All businesses need marketing, therefore all businesses should have a marketing plan. In Part I: You Need Marketing, we acknowledged that marketing represents a sizeable expense for any company, and we emphasized that without a marketing plan, a company essentially leaves its ability to grow and prosper to chance. For companies unwilling or unable to commit resources to building in-house marketing infrastructure, a viable alternative is to outsource their marketing. It’s not as scary — or expensive — as one might think. To start, know what you’re dealing with.

Marketing Is a Process, Not a Result

Understanding that marketing is a process is critical to accepting that marketing is not merely an expense that hits the balance sheet. It’s necessary; NOT a necessary evil. As the marketing director of a large consumer products company, I was responsible for, among other things, the sales forecast, pricing, trade promotions, trade shows, new product development, market research, advertising, catalogs and other sales collateral, sample distribution/fulfillment, package design, and trade rebate/incentive programs. I was in charge of “The Brand,” and managing how all the components of the brand worked together to enable the company to achieve the forecast — the sales revenue projection.

A small company may not have all of the aforementioned components present, but it should at least have an annual sales revenue objective. It is the marketing plan that determines how the various marketing components in place will combine to enable the company to achieve the forecast. That requires research, modeling, estimating, and a little educated guesswork, and if done correctly, it is not work that can simply be relegated to whomever doesn’t have enough to do. Marketing professionals understand this. They understand that trying to go to market without a marketing plan is like trying to hit a pinata, or, in other words, like trying to hit a moving target in the dark.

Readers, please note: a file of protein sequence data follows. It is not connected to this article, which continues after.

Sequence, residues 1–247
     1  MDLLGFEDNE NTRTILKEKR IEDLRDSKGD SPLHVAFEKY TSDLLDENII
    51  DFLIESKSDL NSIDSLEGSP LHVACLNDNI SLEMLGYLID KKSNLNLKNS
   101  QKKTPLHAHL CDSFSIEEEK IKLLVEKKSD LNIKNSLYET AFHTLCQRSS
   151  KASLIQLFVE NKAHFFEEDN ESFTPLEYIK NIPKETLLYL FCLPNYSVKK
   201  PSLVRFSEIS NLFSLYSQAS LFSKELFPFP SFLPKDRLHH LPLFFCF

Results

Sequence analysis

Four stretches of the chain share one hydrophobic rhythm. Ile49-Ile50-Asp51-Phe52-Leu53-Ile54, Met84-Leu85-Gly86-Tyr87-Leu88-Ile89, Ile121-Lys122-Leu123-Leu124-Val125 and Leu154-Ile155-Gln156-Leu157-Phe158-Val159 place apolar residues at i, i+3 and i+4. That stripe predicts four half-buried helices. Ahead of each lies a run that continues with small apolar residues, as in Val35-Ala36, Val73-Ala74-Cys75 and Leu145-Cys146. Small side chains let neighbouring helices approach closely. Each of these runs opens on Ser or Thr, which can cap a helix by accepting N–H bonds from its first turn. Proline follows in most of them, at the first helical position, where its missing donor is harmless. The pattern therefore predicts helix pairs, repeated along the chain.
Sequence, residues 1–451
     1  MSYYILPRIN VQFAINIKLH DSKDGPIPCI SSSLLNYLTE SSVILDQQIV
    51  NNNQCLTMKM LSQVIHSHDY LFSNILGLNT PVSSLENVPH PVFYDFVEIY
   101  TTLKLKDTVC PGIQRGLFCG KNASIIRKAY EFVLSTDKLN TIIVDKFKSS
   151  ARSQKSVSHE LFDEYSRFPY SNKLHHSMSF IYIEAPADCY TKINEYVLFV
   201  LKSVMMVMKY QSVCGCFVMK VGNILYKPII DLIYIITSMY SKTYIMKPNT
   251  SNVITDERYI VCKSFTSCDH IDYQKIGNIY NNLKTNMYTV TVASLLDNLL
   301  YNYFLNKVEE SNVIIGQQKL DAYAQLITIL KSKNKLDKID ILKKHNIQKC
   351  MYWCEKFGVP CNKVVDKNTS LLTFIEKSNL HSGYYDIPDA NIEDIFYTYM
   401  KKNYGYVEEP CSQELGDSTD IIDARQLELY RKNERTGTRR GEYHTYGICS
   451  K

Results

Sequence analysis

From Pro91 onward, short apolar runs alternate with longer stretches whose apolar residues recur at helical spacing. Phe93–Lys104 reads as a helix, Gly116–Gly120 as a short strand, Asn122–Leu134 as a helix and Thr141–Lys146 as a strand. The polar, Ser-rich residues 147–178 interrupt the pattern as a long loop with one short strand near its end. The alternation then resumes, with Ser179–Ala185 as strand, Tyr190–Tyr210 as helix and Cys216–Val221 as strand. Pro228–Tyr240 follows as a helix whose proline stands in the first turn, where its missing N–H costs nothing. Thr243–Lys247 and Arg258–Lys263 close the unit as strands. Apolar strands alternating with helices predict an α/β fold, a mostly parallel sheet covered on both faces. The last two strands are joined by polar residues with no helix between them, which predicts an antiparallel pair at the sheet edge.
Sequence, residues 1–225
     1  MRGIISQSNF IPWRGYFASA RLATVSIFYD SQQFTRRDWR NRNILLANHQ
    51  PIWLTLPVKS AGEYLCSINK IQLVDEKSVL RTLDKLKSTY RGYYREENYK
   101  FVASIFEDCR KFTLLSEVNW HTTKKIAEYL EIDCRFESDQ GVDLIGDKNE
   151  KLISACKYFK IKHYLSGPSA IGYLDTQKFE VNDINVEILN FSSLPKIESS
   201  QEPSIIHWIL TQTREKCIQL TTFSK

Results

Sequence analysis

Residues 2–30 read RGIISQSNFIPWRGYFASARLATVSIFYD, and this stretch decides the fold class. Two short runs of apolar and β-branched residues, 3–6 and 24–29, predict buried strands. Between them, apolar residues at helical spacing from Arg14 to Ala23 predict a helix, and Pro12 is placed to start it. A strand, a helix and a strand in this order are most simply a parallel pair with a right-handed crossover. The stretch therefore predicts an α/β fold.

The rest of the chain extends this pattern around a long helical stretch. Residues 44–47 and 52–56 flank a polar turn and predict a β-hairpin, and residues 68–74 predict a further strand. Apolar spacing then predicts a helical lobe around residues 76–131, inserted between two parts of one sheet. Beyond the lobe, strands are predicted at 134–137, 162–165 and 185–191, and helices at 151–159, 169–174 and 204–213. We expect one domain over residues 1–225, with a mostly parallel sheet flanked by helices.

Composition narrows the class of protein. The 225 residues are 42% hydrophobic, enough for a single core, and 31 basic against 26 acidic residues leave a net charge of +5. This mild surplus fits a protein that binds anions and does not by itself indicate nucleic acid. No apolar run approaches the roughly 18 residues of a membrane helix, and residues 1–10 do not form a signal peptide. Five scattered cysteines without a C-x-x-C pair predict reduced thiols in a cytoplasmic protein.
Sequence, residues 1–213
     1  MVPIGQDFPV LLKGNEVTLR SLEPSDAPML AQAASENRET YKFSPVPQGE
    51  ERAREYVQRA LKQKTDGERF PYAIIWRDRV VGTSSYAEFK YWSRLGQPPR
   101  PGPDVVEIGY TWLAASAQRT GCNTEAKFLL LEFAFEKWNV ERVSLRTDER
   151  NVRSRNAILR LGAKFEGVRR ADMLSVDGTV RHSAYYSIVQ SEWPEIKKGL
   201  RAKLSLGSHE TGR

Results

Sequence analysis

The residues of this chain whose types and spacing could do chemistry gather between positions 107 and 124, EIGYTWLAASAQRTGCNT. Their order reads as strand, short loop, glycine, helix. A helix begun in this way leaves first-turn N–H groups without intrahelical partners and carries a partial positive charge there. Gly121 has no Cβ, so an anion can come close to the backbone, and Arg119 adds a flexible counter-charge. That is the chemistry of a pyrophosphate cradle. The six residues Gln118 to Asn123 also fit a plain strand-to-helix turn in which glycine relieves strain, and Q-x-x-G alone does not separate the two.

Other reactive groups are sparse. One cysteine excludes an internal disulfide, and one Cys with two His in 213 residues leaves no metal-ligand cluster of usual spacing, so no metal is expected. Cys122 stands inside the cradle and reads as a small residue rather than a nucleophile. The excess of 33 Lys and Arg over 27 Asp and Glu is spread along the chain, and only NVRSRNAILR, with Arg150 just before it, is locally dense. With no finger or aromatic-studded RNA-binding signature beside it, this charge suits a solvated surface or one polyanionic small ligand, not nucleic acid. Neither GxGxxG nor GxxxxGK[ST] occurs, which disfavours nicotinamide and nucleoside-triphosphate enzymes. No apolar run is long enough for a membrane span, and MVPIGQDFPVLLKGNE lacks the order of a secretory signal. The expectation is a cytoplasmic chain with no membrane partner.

Ask Around

If you don’t know whom to call, ask your peers and associates to recommend a marketing contractor, or contact your local chapter of the American Marketing Association (AMA). Before you contact any referrals, visit their websites to get a feel for what they do and how they do it, not to mention how they present themselves. Look for information that gives you an idea the company will be compatible with you and your team.

Interview prospective contractors similarly to how you would interview a prospective employee. What is their process? What are their expectations? Why would your company benefit from working with them? Explain succinctly what your needs are and be prepared to tell them — candidly — what your budget is. If they’re any good, they’ll be interviewing you for the same reasons. (I meet with prospective clients sometimes up to three times before I decide if they are right for us.)

When it comes to the cost of marketing, what many people fail to understand is that the revenue forecast drives the budget. Simply pulling a number out of thin air because that’s how much you are willing to spend on marketing is folly. Most marketing professionals are aware, for instance, that the smaller the company, the higher the percentage of revenue that is spent on marketing. A company doing less than $5 million in annual revenue will typically spend between 7%-8% of revenue, while a company doing in excess of $100 million will spend 1%-3%. That varies by industry and more importantly, what the company’s objectives are. If a company seeks rapid, substantial growth for instance, the percentage could be as high as 20%. If your company is at $5 million in annual revenue, are you spending between $350,000 and $400,000 on marketing? If you want to double your revenue in the next two years (40+% annual growth), are you prepared to spend $1 million this year and $1.4 million next year on marketing?

So, before you sit down with any prospective marketing services contractor, have in mind a realistic amount you can spend, then allow the contractor to detail what they can do for you for that amount, as well as whether they believe that amount is adequate to help you achieve your revenue objectives. It is also important to determine whether you want the contractor to simply develop a plan for you or also participate in execution of the plan vis-a-vis other services and deliverables.

Now that we’re at the point of reaching out to prospective contractors, let’s consider some of the variables that will affect the cost of the services the contractor will provide. Part III: What Do I Need vs. What Can I Afford? will help you build your wish list and give you an idea of what to expect for what you are able to spend.